The main authority with powers to prosecute white-collar crime offences is the Liechtenstein Prosecution Service. According to the Liechtenstein Criminal Procedure Code, the Liechtenstein Prosecution Service is ex officio and, with the assistance of the Liechtenstein National Police, responsible for investigating all punishable acts that come to its attention and for prosecuting the suspected perpetrator.
In this context, the Prosecution Service has the task of submitting motions for investigation activities to be applied (eg, freezing orders, interrogation of witnesses or seizure of objects or information stored on data carriers). Upon a court order, the investigation activities are carried out either by an investigative judge or with the assistance of the Liechtenstein National Police (eg, the Princely District Court can request the Liechtenstein Police to interrogate a witness or assist to conduct a house search).
In cases of white-collar crime, the support of the Liechtenstein National Police is provided by its specialised unit for white-collar crime.
Once the facts of the case have been fully established, the Prosecutor Service must decide whether the suspected perpetrator should be indicted. If the Prosecution Service comes to the conclusion that the probability of a conviction is more than 50%, it is required to file an indictment. In such circumstances, the case is taken to court for trial and judgment. The powers to render a judgment and enforce white-collar crimes therefore lie with the Princely Courts. Since the Liechtenstein legal system does not provide for specific criminal courts for white-collar offences, these cases are handled by general criminal judges.
As regard to possible conflicts of jurisdiction between the Prosecution Service and administrative authorities, it should be noted that the administrative authorities are responsible for investigating, prosecuting and executing administrative offences in accordance with administrative (criminal) law – for example, the Liechtenstein Financial Market Authority is responsible for imposing fines on perpetrators of administrative offences in relation to violations of the Due Diligence Act. Besides that, administrative law can also provide for the competence of the Prosecution Service to prosecute misdemeanours and infringements – for example, the Prosecution Service is responsible for imposing fines on perpetrators for misdemeanours and infringements in relation to violations of the Due Diligence Act. Against this background, circumstances can exist in which both the Prosecution Service and the administrative authority have authority to investigate the same facts of a case.
Civil courts are generally not competent in criminal cases. However, civil judges are obliged to refer any suspicion of an offence which they obtain in the course of civil proceedings to the Prosecution Service.
White-collar investigations are initiated as soon as the authorities become aware of a suspicion that an offence could have been committed (which can either be ex officio or by means of a criminal complaint). The competent authorities are then required to conduct an investigation and to assess whether an initial suspicion can be established. If in the affirmative, an investigation will be conducted.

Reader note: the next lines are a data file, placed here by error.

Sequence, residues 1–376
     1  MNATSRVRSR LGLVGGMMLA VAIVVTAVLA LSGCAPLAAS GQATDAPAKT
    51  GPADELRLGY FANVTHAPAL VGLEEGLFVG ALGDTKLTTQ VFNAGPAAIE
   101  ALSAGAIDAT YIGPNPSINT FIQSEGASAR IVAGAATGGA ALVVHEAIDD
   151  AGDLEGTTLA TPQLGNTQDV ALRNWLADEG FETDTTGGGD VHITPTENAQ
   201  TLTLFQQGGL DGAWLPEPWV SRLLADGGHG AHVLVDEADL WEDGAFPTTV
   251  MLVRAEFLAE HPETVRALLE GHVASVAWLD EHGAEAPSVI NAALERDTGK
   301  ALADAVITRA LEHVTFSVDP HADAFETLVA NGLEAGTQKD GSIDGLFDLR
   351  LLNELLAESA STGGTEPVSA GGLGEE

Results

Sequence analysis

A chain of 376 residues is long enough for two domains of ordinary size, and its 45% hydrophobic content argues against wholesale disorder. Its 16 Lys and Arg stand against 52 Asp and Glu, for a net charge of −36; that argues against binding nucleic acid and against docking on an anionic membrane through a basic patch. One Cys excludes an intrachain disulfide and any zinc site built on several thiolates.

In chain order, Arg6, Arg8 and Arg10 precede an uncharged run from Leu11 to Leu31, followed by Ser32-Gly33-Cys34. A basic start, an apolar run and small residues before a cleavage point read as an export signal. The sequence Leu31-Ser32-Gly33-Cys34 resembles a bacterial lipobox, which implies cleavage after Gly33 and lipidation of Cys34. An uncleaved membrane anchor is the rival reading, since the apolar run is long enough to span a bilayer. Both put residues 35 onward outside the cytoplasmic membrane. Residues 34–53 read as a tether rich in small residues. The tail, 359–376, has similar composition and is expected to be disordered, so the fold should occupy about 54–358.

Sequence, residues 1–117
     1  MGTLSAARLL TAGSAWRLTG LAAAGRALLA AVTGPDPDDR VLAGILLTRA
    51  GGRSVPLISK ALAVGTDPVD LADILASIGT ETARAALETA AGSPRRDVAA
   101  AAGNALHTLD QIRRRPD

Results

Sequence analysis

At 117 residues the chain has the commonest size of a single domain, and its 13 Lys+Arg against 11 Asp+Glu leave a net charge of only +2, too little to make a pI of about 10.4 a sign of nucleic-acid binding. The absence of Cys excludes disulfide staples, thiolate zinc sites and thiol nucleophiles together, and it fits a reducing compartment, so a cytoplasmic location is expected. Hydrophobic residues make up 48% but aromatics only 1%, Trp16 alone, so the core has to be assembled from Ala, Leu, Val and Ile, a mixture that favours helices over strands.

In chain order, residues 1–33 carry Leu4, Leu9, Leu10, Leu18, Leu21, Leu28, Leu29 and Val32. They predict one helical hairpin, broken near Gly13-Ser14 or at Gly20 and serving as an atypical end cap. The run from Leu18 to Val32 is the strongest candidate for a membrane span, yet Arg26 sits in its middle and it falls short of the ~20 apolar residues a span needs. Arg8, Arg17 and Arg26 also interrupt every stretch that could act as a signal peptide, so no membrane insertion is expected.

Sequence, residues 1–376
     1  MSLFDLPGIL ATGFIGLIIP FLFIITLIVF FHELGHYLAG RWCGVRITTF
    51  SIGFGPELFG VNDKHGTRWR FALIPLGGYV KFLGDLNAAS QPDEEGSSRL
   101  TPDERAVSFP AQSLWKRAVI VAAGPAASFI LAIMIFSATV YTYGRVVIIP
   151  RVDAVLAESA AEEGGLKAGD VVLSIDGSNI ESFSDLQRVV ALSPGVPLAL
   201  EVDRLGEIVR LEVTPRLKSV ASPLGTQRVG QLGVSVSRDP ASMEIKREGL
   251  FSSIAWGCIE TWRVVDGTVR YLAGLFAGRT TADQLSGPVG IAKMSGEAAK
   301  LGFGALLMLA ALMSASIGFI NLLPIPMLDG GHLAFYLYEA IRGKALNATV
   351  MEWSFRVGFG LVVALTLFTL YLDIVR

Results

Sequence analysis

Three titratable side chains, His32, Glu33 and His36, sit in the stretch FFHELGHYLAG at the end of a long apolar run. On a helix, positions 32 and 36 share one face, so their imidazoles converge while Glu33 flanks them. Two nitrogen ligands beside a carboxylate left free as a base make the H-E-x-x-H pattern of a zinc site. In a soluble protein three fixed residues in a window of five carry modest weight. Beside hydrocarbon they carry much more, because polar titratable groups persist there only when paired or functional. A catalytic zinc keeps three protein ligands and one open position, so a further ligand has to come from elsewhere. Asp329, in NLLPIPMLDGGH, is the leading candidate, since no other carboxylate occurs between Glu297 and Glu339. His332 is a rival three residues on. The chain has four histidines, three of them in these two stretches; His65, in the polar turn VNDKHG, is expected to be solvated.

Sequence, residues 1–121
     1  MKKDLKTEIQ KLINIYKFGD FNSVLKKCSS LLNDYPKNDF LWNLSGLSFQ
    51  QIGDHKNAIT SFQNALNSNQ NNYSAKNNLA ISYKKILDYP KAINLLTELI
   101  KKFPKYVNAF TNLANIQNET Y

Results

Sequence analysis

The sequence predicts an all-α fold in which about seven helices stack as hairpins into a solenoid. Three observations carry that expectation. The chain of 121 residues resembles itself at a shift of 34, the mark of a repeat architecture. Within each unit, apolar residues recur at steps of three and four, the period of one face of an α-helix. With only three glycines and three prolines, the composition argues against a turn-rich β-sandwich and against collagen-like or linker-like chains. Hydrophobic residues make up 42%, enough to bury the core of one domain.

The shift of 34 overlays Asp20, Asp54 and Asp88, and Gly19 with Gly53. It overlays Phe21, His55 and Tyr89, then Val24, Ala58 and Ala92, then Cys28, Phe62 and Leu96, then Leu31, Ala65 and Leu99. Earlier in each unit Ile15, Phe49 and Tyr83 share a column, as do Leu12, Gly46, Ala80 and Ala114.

In recent years, reports of the Liechtenstein Financial Unit (FIU) to the Liechtenstein Prosecution Service have regularly led to white-collar crime investigations. Financial intermediaries (eg, banks, insurance undertakings, investment companies, asset managers or professional trust service-providers) are required to file a report with the FIU if there is any suspicion of (i) money laundering, (ii) a predicate offence to money laundering or (iii) terror financing detected. Based on the information and documentation received by the financial intermediary, the FIU must determine whether there is an initial suspicion of an offence and – if so – file a respective report with the Liechtenstein Prosecution Service.
Investigating authorities generally have a wide range of powers to gather information and documents related to white-collar crime offences. The most relevant investigative measures in white-collar crime proceedings are the following:
Freezing and seizure orders are issued by the Princely District Court upon the respective motion of the Prosecution Service. According to established case law, the raid of the premises of an entity under investigation and the seizure of documents require a reasonable probability arising from established facts that the evidence sought can be found in the searched premises. Further, the simple (concrete) suspicion that a crime has been committed must be established. Lastly, a house search-and-seizure order is only admissible if it is not disproportionate.
Such orders issued by the Princely District Court are subject to an appeal with the Princely Court of Appeal by the suspected perpetrator and the (legal or natural) person whose premises have been raided and where objects (especially documents) or information stored on data carriers have been seized.
Further, the directors of the legal entity under investigation, as well as those employees who are suspected of having committed the offence or who have already been convicted of it, are questioned as suspects in the proceedings against the legal entity. In this context, the general rules of interrogations apply (eg, the right to avoid self-incrimination). In practice, employees of an entity under investigation are examined as witnesses (provided an employee is not also subject to prosecution).
In principle, legal entities are not legally obliged to conduct internal investigations. However, the conduct of such investigations on a voluntary basis may have various advantages – thereby, offences may be detected before the Prosecution Service initiates investigations and therefore steps can be taken in order to avoid prosecution (eg, voluntary disclosure in criminal tax law).